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Rotavirus and Drinking Water from Private Wells

  • What is rotavirus?

    Rotaviruses are wheel-shaped ('rota-') viruses that cause intestinal illnesses.  It is the most common cause of severe diarrhea among infants and children; about 55,000 children are hospitalized from rotavirus infections each year in the United States.  Each year, more than 600,000 children die from rotavirus infections worldwide.  However, most of these cases are not caused by drinking contaminated water.  

  • How can I become infected with rotavirus?

    Rotavirus infection is usually spread from person to person.  You can become sick by accidentally eating or drinking something contaminated with the feces of an infected person.  The virus can also spread through respiratory secretions and other body fluids.

  • Where and how does rotavirus get into drinking water?

    Rotaviruses are found in every part of the United States and throughout the world.  The virus may be found in water sources such as private wells that have been contaminated with the feces from infected humans.  Waste can enter the water through various ways, including sewage overflows or sewage systems that are not working properly.  

  • What are the symptoms of rotavirus infections?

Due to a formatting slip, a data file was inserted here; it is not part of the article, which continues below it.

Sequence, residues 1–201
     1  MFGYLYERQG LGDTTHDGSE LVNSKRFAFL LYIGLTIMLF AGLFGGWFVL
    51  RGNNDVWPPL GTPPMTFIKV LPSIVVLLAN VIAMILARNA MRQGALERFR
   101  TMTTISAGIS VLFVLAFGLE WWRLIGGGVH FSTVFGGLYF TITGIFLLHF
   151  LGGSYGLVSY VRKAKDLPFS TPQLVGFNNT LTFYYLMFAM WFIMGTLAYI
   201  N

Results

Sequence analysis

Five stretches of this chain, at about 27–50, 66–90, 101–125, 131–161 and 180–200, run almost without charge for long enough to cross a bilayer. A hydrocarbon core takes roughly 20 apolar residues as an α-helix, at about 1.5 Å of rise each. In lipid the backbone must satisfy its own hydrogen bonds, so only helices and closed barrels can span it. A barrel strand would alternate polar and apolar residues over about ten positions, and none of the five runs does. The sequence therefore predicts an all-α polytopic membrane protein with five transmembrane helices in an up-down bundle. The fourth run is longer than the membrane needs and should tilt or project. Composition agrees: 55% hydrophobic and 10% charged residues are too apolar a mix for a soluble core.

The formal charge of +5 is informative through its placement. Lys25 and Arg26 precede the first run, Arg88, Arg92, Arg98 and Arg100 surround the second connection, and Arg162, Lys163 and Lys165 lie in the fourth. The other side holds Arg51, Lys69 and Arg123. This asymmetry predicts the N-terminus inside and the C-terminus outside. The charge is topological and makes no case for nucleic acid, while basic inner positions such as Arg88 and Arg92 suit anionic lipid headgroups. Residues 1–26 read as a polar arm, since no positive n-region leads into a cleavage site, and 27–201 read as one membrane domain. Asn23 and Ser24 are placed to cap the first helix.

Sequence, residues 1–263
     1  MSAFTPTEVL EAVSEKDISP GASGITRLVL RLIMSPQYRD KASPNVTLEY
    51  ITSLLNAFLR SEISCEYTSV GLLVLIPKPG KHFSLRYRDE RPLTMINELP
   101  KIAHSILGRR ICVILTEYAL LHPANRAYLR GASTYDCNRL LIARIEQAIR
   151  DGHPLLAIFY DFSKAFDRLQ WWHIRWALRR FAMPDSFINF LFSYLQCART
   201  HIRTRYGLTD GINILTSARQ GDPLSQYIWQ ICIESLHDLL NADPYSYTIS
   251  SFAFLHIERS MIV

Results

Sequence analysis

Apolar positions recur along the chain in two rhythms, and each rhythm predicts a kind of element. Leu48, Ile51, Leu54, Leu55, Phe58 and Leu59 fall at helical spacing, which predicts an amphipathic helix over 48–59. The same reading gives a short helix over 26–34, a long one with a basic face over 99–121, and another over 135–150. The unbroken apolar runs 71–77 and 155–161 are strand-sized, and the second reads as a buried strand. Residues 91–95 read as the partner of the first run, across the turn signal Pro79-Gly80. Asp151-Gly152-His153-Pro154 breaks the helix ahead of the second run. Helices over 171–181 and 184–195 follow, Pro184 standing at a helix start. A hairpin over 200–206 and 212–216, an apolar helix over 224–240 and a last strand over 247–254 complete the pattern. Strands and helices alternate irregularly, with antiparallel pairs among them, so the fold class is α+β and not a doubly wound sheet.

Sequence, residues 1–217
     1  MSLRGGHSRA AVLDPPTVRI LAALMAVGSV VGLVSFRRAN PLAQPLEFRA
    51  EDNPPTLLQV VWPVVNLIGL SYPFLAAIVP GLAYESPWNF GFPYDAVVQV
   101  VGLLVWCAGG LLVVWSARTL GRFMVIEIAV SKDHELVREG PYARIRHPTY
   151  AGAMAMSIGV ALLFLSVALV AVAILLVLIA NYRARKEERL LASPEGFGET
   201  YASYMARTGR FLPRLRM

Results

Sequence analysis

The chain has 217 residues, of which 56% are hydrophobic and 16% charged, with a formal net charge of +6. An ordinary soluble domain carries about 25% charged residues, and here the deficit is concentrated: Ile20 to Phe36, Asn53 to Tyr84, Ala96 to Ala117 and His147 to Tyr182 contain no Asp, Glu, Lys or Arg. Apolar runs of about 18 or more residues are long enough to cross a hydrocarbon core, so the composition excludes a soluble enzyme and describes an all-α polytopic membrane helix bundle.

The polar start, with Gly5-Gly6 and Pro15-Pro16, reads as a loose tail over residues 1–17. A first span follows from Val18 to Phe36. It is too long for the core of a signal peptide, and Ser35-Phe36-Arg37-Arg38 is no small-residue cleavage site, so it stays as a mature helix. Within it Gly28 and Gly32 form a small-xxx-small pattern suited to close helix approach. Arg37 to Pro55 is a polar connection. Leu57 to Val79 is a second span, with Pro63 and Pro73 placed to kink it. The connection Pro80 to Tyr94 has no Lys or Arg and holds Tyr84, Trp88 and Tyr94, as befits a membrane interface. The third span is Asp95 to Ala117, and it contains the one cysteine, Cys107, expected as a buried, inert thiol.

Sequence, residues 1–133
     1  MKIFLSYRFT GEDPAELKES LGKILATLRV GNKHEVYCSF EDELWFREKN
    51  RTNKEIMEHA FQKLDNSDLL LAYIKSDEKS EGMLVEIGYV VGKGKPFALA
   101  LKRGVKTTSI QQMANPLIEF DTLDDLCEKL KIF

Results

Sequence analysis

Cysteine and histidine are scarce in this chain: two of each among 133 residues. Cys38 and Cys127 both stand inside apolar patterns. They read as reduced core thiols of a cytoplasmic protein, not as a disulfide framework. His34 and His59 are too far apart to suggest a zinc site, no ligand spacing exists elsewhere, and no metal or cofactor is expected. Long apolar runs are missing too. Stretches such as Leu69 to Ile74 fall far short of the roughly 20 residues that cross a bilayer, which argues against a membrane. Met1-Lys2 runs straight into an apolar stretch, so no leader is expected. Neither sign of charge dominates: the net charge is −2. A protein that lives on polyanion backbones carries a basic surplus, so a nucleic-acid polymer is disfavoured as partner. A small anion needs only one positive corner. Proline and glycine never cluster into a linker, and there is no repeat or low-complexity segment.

Rotavirus infections usually take place in the winter.  The most common symptoms of rotavirus infections are vomiting and watery diarrhea.  Abdominal cramps and fever often occur, too.  Symptoms usually appear within 2 days after swallowing contaminated water, and will last for 3-8 days.  You will usually recover without serious or long-term health effects.  

  • What should I do if I think I have a rotavirus infection?

    See your health care provider to discuss your concerns.

  • How is a rotavirus infection diagnosed?

    Laboratory tests will determine if rotavirus is the cause of illness.  These tests work by identifying the virus in the stools of an infected person.  Sometimes they are not performed unless the laboratory is instructed specifically to look for the virus.  

  • What is the treatment for a rotavirus infection?

    There is no specific treatment available.  To prevent dehydration, you should drink plenty of fluids as long as the diarrhea lasts.  In some cases, the infection will go away without any treatment.  Consult with your health care provider.

  • How do I remove rotavirus from my drinking water?

    Fully boiling your water for 1 minute (3 minutes if you live in a high altitude) will kill or inactivate rotaviruses.  Water should then be stored in a clean container with a lid and refrigerated.

    Because of the small size of the virus, using a point-of-use filter will not remove it from water.  

    You may also disinfect your well.  Contact your local health department for recommended procedures.  Remember to have your well water tested periodically after disinfection to make sure the problem does not happen again.

    Revised Summer 2003

    http://www.cdc.gov/ncidod/dpd/healthywater/factsheets/rotavirus.htm




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